W3C home > Mailing lists > Public > www-archive@w3.org > July 2009

Re: How to make complex data tables more accessible to screen-reader users

From: Lachlan Hunt <lachlan.hunt@lachy.id.au>
Date: Mon, 06 Jul 2009 18:29:22 +0200
Message-ID: <4A522662.5060902@lachy.id.au>
To: Shelley Powers <shelley.just@gmail.com>
Cc: Sam Ruby <rubys@intertwingly.net>, public-html@w3.org, www-archive <www-archive@w3.org>
Shelley Powers wrote:
> On Mon, Jul 6, 2009 at 9:41 AM, Lachlan Hunt<lachlan.hunt@lachy.id.au>  wrote:
>> About a week ago, I tried to start a discussion on how to obtain proper
>> scientific data [1]; sent in response to your repeated attempts to discredit
>> the data we have.  But it's surprising to me that rather than even attempt
>> to contribute to producing a proper scientific study in any way at all,
>> you'd rather continue you're attempts to discredit what we have, say we
>> can't get anything else.
> But those suggestions weren't proper scientific studies -- not if the
> end goal is determining which is the best approach from an
> accessibility and usability point of view.

The end goal is to determine the best solution that balances usability 
and accessibility from an end user point of view, with the the ability 
of authors to get it sufficiently right in practice.

A theoretically perfect solution from an end user 
usability/accessibility POV is no good in practice if the demands on 
authors to get it right are too great and impractical.  Likewise, a 
solution that focuses too much on author ability while ending up with a 
result that isn't at all usable by end users isn't either.

Besides, I don't claim that my suggestions were perfect.  I'm sure there 
are many improvements that can be made.  But, as I wrote, my purpose was 
not to sort out all the details myself, but rather to get the group 
involved in sorting out the details together.

> To study the latter, we would need to ask for a group of volunteers
> from the community, both those who need AT and those who don't. We
> would need to derive appropriate test data, providing tests with
> summary, and tests without, or tests trying out other variations...

Indeed, the results of a study like that would also be useful.  But 
that's no reason discount the results of a study focussing on authoring 

> When you try to analyze data related to existing web pages, it's
> virtually impossible to filter out any number of factors, including
> the fact that HTML tables were misused, the explanation of summary in
> HTML 4 may have been faulty, lack of promotion for summary until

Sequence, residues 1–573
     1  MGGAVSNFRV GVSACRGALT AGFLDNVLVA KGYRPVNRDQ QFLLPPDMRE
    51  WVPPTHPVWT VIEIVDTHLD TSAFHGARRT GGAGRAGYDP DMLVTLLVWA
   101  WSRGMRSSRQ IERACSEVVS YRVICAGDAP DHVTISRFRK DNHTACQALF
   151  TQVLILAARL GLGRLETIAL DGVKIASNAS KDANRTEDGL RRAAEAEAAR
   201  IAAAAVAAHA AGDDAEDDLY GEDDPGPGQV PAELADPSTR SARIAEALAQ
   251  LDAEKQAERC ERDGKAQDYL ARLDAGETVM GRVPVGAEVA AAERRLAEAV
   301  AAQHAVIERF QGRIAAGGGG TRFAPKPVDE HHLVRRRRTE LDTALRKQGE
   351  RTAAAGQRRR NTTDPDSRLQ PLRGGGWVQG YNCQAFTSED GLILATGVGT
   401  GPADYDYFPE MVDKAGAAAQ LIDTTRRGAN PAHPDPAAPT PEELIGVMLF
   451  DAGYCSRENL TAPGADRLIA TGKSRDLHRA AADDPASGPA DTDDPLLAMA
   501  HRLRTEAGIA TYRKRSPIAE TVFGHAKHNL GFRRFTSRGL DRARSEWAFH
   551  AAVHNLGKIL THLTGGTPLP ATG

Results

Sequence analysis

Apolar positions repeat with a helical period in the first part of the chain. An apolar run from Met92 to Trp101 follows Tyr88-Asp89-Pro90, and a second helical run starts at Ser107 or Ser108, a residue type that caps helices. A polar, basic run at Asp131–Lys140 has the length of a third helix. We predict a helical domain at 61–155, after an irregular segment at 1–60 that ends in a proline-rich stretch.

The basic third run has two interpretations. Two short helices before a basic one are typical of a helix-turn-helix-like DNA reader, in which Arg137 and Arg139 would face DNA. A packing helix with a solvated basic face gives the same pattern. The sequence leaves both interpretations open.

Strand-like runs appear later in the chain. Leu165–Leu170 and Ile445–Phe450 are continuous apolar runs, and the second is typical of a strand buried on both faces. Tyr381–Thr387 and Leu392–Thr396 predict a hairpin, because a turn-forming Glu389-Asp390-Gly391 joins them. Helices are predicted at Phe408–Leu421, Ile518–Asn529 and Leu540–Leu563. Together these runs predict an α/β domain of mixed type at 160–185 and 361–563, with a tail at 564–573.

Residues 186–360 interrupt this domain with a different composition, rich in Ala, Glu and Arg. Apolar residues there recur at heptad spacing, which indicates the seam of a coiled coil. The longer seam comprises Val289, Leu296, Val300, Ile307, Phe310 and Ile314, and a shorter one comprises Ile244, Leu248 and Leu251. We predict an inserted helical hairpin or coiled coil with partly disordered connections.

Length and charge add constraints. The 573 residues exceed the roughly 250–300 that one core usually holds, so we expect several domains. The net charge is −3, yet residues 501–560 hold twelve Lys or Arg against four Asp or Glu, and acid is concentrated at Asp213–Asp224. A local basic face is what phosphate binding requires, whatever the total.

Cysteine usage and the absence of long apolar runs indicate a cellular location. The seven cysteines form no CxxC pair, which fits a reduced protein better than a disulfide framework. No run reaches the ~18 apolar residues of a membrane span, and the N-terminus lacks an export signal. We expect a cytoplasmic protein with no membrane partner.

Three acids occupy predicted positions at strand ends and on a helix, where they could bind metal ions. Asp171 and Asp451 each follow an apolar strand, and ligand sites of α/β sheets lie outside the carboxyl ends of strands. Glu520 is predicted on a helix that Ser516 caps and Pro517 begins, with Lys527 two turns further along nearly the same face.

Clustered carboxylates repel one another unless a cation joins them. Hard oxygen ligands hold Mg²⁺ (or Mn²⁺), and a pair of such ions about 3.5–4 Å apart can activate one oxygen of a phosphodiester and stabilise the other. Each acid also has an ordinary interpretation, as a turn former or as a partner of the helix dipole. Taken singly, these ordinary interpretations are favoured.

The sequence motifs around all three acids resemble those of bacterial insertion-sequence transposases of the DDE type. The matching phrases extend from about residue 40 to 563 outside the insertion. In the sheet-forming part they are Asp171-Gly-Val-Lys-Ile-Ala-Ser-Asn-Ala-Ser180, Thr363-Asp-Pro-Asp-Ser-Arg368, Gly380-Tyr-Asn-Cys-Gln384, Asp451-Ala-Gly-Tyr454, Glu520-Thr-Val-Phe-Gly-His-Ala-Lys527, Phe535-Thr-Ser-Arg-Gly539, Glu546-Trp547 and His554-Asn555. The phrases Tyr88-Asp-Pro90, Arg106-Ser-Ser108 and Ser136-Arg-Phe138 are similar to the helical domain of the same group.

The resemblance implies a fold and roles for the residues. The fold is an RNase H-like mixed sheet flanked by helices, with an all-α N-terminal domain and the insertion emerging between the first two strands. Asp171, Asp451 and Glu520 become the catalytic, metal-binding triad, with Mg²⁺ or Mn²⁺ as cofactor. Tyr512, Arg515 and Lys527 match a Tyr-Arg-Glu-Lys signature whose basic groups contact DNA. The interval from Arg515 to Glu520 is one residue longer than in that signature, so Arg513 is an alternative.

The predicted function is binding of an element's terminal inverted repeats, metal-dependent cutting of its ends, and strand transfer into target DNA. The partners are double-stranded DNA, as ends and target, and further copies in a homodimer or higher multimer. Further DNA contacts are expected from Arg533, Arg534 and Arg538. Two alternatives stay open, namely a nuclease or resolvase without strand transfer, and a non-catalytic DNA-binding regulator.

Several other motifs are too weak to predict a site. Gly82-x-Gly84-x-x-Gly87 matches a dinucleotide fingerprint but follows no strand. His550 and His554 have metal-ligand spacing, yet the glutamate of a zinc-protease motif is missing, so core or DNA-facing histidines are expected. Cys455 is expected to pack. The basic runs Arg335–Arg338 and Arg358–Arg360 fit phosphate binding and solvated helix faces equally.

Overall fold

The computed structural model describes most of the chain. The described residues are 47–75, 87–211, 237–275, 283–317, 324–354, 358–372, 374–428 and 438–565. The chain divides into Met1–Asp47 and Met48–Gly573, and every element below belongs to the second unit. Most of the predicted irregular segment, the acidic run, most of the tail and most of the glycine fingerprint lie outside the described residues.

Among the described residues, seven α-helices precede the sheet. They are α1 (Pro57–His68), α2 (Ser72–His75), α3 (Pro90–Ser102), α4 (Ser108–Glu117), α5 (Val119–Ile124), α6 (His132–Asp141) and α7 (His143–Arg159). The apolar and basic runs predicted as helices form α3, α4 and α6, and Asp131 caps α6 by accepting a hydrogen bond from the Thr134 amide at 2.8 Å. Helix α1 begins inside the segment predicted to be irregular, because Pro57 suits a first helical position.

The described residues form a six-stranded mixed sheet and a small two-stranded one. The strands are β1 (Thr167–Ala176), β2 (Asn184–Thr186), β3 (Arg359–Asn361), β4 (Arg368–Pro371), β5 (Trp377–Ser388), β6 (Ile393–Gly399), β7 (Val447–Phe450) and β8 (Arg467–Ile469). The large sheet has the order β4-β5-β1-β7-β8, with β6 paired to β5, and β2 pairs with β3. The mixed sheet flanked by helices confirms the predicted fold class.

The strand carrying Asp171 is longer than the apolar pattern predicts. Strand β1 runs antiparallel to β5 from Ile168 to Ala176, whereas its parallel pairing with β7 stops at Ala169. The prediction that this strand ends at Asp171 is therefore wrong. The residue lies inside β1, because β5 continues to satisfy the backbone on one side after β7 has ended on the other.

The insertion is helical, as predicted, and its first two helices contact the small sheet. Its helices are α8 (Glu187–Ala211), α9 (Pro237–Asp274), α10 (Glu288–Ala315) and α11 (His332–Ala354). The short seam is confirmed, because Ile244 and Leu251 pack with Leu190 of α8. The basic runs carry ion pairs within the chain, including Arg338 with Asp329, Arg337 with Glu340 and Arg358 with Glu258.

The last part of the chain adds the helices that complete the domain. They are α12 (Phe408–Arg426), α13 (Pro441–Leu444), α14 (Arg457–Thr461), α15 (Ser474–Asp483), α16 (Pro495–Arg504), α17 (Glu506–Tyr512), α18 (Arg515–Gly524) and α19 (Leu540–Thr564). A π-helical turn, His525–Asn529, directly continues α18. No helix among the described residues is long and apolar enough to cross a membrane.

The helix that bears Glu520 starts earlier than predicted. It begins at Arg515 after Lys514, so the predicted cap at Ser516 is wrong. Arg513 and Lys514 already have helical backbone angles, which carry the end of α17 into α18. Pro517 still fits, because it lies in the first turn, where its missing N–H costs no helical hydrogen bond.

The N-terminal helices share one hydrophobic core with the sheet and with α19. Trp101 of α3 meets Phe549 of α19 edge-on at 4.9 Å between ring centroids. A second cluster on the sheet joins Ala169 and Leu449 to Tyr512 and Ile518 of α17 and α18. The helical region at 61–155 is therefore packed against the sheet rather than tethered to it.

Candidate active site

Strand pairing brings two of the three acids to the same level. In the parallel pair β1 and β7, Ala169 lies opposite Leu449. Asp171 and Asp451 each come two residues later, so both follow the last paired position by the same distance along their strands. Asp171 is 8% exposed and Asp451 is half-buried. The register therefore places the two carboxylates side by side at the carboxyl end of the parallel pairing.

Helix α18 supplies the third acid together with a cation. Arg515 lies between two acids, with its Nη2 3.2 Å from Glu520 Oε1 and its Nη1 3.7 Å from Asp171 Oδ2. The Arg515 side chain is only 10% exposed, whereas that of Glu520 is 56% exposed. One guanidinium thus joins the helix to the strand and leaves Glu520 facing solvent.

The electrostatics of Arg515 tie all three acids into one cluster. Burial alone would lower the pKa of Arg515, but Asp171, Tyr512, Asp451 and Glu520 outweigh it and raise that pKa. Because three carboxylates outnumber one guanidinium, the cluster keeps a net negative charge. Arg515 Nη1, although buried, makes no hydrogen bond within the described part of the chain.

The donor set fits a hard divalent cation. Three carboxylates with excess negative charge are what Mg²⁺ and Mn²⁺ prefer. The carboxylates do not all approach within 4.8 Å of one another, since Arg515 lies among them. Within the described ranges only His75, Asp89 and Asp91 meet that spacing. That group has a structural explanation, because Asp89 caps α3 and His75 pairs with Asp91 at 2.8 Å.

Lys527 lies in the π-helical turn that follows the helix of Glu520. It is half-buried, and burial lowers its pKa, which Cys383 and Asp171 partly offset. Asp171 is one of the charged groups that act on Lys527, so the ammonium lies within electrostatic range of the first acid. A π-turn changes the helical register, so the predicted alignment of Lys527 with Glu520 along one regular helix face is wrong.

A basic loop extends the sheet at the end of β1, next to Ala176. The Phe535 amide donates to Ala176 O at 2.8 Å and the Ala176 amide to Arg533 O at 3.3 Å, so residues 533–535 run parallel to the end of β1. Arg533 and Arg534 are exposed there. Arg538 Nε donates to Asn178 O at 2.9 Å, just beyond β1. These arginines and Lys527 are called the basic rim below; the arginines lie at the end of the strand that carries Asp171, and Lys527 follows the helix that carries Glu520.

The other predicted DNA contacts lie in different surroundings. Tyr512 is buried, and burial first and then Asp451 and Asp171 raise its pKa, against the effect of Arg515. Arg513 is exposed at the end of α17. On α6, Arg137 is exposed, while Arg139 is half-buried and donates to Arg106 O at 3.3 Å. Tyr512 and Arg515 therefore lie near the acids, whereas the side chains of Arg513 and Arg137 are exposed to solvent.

> recently, and so on--even up to the point of testing out exactly how
> random the web page data is, and how representative is the data.

It's impossible to get a perfect dataset in any study.  What we can do, 
however, is filter based on a few selected major criteria

>> So I think it is naiive to say that we don't have resources
>> available to do proper studies. We just need to sort out the
>> details of what needs to be done and do them.
> Again, you're relying almost exclusively on data derived from existing
> web pages

Those who ignore history are doomed to repeat it.  I'm not saying we 
should relying exlusively on analysis of existing web sites; certainly, 
usability studies would also be valuable.  But we certainly must not 
ignore existing practice, especially if it indicates problems with the 
design that affects how authors make use of it.

> (without any ability to control how the data is collected),

There are various ways we can control how the data is collected.  As I 
mentioned in my previous e-mail, we can, for example, restrict the 
survey to specific genres of web sites that are most likely to have 
complex data tables where summaries are most useful.  There may be 
other, perhaps even more effective, ways to filter data too.  But it's 
short sighted to simply say there is no way and give up without even trying.

> but the issue really is based on human usability and overall
> accessibility.

There is more than one aspect of this issue that needs to be looked at, 
ranging from existing authoring practices and how to improve those, to 
the usability of various technical solutions by end users.

> I realize this is a discussion we've had in the past. I copied this
> email to www-archive. I believe we should continue this particular
> discussion in that location.

I don't see why we should exclude the rest of the group from discussions 
about how to go about obtaining more useful results.

Lachlan Hunt - Opera Software
Received on Monday, 6 July 2009 16:30:04 UTC

This archive was generated by hypermail 2.3.1 : Wednesday, 7 January 2015 14:43:34 UTC